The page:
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Considering the heavy overrepresentation of German men among its editors, blurb writers, and reviewers (so far), it seems ironic that Global History, Globally has as its chief virtue the discussion of positionality in writing global history. Its slightly triumphalist title is not only a reminiscence of a more innocent boom period of global history when the volume was conceived in a series of conferences in the U.S. and Germany (2008-2011), but also a measure of the field's enormous reverberations. "Global history seems to be everywhere", the editors write in their opening diagnosis (1). This success has compelled historians worldwide to position themselves in relation to it. The conditions, meanings, and consequences of this positioning form the remarkably coherent cornerstone of this book.
Putting together fifteen chapters by eighteen authors who write from and about different world regions, as well as about variegated themes, at first seems to require minimal agreement on what global history is. Wisely wary of entrapment in definitional straightjackets, the editors start permissively: "No matter whether you call it 'world history', 'global history', 'transnational history', or the 'new global history', historical scholarship that operates on larger scales is growing rapidly" (1). But they add three qualifiers to the looseness of larger scales: Global history's affinity with "both connected history and comparative history" (3), its dual hostility to Eurocentrism and nationalism, and a rather implicit demarcation from an older world history, "understood as the triumphant rise of Europe", which in their view has "retained many of its earlier characteristics" (5-6). As befits a volume assembling a multitude of viewpoints, these seemingly lowest common denominators turn out to be not entirely consensual.
There is a whole bloc of thematic contributions for which the definitional quagmires barely matter. Written by some of the most recognizable names in global history, the chapters by Andreas Eckert and Marcel van der Linden on labor history, by Kenneth Pomeranz on economic history, and by Dominic Sachsenmaier and Andrew Sartori on intellectual history all concern the question of how a less Eurocentric, or more global, lens modifies long-held certainties in the fields they deal with. Fluent in the global history canon, succinctly focused on a coherent set of problems, and with admirable argumentative verve, they are also highly useful for teaching purposes.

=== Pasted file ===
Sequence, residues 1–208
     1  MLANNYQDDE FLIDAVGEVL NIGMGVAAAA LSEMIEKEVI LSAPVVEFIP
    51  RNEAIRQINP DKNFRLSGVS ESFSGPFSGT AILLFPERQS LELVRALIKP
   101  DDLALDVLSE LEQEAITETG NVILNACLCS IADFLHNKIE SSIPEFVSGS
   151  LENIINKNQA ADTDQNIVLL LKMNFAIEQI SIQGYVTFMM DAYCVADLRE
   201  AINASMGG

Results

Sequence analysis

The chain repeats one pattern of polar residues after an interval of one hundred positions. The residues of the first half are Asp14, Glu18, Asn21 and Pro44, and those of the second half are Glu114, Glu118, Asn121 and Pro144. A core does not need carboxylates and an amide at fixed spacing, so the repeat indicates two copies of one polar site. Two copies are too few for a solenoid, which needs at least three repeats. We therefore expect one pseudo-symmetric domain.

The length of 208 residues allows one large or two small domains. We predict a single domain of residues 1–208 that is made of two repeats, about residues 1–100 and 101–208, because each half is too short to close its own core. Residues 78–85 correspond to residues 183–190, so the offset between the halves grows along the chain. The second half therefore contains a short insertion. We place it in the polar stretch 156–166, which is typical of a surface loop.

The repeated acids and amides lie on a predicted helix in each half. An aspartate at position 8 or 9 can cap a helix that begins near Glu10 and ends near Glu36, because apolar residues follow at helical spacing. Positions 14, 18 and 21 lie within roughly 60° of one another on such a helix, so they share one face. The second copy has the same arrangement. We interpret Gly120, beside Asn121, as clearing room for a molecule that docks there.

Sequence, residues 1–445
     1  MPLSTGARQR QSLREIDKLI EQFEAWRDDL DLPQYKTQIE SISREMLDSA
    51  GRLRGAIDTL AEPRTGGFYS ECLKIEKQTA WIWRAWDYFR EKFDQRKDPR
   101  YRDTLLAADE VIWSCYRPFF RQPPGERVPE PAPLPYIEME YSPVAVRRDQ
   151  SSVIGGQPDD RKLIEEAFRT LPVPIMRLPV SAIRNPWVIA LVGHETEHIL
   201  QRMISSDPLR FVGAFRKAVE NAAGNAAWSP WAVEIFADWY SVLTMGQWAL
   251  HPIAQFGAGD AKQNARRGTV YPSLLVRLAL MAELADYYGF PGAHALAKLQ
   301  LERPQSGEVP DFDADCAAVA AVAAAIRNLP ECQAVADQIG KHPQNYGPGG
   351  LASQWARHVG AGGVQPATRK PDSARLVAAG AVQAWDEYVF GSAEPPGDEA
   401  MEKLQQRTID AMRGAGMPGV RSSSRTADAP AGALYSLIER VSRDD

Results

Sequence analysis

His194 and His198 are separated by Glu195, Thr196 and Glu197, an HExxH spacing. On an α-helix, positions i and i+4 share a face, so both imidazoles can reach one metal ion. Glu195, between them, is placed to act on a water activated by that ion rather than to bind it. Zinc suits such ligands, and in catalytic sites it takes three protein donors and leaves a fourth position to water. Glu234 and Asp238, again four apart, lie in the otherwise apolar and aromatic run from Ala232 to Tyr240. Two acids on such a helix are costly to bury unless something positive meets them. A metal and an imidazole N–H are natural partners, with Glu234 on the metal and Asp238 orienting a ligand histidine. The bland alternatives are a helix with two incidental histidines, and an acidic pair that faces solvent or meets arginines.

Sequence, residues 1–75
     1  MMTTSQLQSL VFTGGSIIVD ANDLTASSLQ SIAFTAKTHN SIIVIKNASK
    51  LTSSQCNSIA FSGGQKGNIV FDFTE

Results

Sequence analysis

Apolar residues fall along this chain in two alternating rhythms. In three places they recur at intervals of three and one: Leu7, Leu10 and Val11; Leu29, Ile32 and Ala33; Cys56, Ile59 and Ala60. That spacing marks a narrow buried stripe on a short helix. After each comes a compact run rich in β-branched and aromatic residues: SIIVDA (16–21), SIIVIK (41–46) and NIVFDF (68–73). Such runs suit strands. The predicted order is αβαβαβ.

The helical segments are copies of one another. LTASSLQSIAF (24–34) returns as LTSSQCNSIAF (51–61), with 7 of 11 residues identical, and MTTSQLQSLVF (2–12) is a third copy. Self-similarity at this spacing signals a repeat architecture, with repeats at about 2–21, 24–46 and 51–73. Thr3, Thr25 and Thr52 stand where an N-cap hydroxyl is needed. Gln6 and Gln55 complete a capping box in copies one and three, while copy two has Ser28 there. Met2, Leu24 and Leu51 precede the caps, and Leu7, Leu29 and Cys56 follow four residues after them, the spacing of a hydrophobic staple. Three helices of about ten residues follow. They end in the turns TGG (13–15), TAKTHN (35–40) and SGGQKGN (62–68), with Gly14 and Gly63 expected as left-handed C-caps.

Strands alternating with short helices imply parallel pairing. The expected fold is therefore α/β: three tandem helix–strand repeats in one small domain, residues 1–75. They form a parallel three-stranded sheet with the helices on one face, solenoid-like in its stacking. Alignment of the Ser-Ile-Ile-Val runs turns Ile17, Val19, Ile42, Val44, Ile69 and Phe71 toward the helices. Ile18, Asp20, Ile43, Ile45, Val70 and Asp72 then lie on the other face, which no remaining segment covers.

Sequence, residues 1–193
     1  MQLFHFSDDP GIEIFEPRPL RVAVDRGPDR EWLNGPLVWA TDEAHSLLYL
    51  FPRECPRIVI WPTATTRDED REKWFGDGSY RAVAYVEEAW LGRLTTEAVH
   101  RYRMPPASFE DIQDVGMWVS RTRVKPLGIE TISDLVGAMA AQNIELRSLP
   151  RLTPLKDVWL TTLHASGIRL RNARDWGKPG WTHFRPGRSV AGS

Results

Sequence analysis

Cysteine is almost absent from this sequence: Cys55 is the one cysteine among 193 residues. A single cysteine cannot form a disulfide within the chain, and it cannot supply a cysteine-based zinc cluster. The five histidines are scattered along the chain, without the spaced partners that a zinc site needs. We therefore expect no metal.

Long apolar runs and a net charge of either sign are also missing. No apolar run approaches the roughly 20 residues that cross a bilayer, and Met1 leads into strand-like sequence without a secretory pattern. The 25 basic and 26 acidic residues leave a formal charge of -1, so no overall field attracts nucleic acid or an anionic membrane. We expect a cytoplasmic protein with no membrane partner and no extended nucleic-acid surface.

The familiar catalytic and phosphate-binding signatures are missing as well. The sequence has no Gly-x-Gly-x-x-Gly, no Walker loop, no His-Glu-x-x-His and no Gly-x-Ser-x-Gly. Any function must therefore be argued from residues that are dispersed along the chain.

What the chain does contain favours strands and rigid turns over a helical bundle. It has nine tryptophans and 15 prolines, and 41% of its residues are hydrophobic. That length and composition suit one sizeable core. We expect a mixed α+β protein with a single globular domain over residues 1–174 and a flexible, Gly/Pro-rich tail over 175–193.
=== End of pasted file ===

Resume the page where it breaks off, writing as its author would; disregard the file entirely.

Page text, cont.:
But the uniqueness of this book - at least if a similar earlier, yet rarely read, volume is discounted  - lies in its reflections on how global history is seen and practiced in various world regions. This is also where matters become more intriguingly cacophonous. In contrast to the editors' introduction and Gareth Austin's excellent contribution on Northwestern Europe, which both see the 1990s as the birth decade of global history, most of the regional chapters implicitly or explicitly argue that there is a much older tradition of global history native to their respective regions.
Thus, the late Jerry Bentley's contribution adamantly argues that global history is identical to the brand of world history that has existed in the U.S. since the 1960s. In their chapter on Latin America, Rafael Marquese and João Paulo Pimenta hark back all the way to Bartolomé Mitre - Argentina's president in 1862-1868, who was also known for a Pampean version of Frederick Jackson Turner's frontier thesis - because he wrote a biography of San Martín, who after all famously crossed the Andes (68). The example is admittedly an outlier in a chapter otherwise focused on the Trinidadian Marxist CLR James, Fernand Braudel's Brazilian influences, and famous ECLA economists such as Raúl Prebisch and Fernando Henrique Cardoso. But it presses upon the reader the question of whether the contributors are in effect debating the same thing.